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North Korea has called President Donald Trump’s warning of “fire and fury” a “load of nonsense” and threatened to go ahead with its plans for a missile strike near the U.S. Pacific territory of Guam
Pyongyang’s state-run KCNA news agency issued an update on its strike plans after Trump’s incendiary comments on Tuesday that threats to the United States from Pyongyang would be met with “fire and fury.”
Trump’s unexpected remarks prompted North Korea to say it was considering plans to fire four intermediate-range missiles to land 30-40 kilometers (18-25 miles) from Guam, home to about 163,000 people and a U.S. military base that includes a submarine squadron, an air base and a Coast Guard group.
The army will complete its plans in mid-August, ready for North Korean leader Kim Jong Un’s order, KCNA said on Wednesday, citing General Kim Rak Gyom, commander of the Strategic Force of the Korean People’s Army.
The news agency said Trump “let out a load of nonsense about ‘fire and fury’,” adding “sound dialogue is not possible with such a guy bereft of reason and only absolute force can work on him.”
On global markets, the strong rhetoric and sharp increase in tensions drove investors out of stocks and other risky assets on Wednesday and into textbook safe havens like gold and Treasuries.
U.S. Defense Secretary Jim Mattis issued a stark warning earlier on Wednesday, telling Pyongyang the United States and its allies would win any arms race or conflict.
“The DPRK should cease any consideration of actions that would lead to the end of its regime and the destruction of its people,” Mattis said in a statement, using the acronym for North Korea’s official name, the Democratic People’s Republic of Korea.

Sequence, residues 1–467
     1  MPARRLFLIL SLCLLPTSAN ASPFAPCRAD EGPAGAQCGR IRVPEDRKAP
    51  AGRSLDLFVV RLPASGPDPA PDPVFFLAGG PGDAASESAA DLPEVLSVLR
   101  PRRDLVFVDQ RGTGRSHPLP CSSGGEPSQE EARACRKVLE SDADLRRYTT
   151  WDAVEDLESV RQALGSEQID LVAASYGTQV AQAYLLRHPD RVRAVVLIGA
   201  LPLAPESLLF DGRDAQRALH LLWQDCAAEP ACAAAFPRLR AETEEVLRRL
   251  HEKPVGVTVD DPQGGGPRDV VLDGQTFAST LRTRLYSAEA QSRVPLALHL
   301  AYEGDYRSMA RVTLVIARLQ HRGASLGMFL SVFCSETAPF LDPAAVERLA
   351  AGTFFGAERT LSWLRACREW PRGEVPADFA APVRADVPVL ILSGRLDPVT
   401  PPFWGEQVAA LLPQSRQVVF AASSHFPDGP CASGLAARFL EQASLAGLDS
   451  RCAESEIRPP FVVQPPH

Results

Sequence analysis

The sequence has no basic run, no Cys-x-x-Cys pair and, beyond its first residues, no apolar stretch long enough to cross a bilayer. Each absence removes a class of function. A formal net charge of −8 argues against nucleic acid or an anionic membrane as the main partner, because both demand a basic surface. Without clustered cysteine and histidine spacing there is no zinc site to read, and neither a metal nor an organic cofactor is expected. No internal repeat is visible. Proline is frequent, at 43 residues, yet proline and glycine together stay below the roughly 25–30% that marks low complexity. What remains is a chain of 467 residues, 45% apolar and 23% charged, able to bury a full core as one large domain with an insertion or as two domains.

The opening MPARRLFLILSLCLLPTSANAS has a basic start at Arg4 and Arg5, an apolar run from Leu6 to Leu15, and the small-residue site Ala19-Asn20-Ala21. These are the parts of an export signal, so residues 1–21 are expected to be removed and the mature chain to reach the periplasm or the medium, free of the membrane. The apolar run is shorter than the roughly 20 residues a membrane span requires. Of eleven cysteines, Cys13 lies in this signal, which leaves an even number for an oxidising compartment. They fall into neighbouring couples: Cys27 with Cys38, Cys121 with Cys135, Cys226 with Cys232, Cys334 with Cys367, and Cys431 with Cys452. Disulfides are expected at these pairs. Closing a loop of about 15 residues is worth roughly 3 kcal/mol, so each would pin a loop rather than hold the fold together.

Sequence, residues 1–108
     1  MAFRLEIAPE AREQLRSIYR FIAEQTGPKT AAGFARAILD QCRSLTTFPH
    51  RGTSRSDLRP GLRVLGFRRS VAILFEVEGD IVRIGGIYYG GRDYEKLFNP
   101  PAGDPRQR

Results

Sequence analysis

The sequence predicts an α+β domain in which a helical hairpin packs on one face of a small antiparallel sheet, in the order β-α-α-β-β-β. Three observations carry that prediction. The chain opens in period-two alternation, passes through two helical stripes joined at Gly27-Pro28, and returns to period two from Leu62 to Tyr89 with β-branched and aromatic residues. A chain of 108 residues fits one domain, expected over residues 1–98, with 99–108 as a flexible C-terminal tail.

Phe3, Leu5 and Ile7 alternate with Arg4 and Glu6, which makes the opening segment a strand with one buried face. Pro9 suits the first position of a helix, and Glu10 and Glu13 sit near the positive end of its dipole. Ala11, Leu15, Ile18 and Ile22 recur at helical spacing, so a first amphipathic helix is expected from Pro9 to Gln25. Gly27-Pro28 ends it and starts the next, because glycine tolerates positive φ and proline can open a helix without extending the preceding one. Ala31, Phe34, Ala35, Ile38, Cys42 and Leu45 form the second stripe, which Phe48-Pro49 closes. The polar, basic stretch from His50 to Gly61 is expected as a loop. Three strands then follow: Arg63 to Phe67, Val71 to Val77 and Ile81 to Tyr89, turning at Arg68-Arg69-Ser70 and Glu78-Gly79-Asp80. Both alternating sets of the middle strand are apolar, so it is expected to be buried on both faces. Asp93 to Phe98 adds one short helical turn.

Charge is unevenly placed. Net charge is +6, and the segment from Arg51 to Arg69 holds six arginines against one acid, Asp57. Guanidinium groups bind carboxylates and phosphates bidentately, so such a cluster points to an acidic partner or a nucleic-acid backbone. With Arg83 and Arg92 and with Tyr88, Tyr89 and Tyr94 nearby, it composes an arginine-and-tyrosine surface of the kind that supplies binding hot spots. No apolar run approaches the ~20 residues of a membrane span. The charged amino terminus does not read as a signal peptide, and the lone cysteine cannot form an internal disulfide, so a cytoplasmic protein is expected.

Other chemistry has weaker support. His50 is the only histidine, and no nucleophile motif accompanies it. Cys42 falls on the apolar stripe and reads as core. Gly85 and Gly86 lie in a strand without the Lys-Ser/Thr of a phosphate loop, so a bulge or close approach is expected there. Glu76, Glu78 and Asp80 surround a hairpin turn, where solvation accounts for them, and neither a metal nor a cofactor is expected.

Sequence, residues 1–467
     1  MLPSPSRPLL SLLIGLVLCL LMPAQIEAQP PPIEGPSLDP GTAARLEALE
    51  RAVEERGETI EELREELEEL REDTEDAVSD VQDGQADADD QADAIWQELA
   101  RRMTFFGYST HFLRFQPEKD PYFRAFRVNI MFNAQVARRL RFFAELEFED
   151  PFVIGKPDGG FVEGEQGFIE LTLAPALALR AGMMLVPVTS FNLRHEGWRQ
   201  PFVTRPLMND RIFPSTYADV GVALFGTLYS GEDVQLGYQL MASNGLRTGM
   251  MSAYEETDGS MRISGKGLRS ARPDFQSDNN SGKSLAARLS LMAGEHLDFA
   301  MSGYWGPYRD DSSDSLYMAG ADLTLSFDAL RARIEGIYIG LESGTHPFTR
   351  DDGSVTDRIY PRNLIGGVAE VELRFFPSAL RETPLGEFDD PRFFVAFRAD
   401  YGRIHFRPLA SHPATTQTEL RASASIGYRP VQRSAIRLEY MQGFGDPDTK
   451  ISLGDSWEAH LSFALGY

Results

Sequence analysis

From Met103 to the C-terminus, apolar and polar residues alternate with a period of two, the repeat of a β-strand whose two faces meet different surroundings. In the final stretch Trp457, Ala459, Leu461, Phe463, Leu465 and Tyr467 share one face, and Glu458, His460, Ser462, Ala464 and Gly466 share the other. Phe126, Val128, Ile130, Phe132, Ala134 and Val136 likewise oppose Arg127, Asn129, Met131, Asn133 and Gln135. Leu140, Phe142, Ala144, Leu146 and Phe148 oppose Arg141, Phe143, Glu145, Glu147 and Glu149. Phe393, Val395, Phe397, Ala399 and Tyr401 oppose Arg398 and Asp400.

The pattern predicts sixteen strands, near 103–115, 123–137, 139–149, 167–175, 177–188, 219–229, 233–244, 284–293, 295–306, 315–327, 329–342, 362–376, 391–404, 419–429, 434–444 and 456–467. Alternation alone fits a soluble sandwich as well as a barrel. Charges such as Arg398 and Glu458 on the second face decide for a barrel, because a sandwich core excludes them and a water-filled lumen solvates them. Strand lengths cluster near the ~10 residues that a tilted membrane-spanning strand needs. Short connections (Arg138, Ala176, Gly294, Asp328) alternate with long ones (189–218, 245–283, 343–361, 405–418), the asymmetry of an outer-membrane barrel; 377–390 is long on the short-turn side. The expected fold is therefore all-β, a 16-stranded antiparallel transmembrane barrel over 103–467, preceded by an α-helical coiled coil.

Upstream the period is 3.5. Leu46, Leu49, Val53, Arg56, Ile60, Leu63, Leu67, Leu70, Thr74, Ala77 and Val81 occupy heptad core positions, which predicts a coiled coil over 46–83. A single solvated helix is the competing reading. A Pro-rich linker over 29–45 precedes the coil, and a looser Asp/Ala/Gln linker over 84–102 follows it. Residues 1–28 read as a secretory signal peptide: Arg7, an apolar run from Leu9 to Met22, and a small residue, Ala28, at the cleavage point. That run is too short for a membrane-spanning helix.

The United States and South Korea remain technically still at war with North Korea after the 1950-53 Korean conflict ended with a truce, not a peace treaty. North Korea regularly threatens to destroy the United States.
BOASTS ABOUT POWER
Tension in the region has risen since North Korea carried out two nuclear bomb tests last year and two intercontinental ballistic missile tests in July. Trump has said he will not allow Pyongyang to develop a nuclear weapon capable of hitting the United States.
On Wednesday, Trump followed up his “fire and fury” warning with a boast about U.S. nuclear capabilities.
“My first order as President was to renovate and modernize our nuclear arsenal. It is now far stronger and more powerful than ever before,” Trump tweeted. “Hopefully we will never have to use this power, but there will never be a time that we are not the most powerful nation in the world!”
Trump’s “fire and fury” remarks prompted warnings from U.S. officials and analysts not to engage in rhetorical games with Pyongyang.
U.S. Secretary of State Rex Tillerson, who was in Guam on a previously scheduled visit, played down the rhetoric, saying he did not believe there was an imminent threat from North Korea and “Americans should sleep well at night.”
Trump’s “fire and fury” warning was meant to send a “strong message to North Korea in language that (North Korean leader) Kim Jong Un would understand, because he doesn’t seem to understand diplomatic language,” Tillerson said.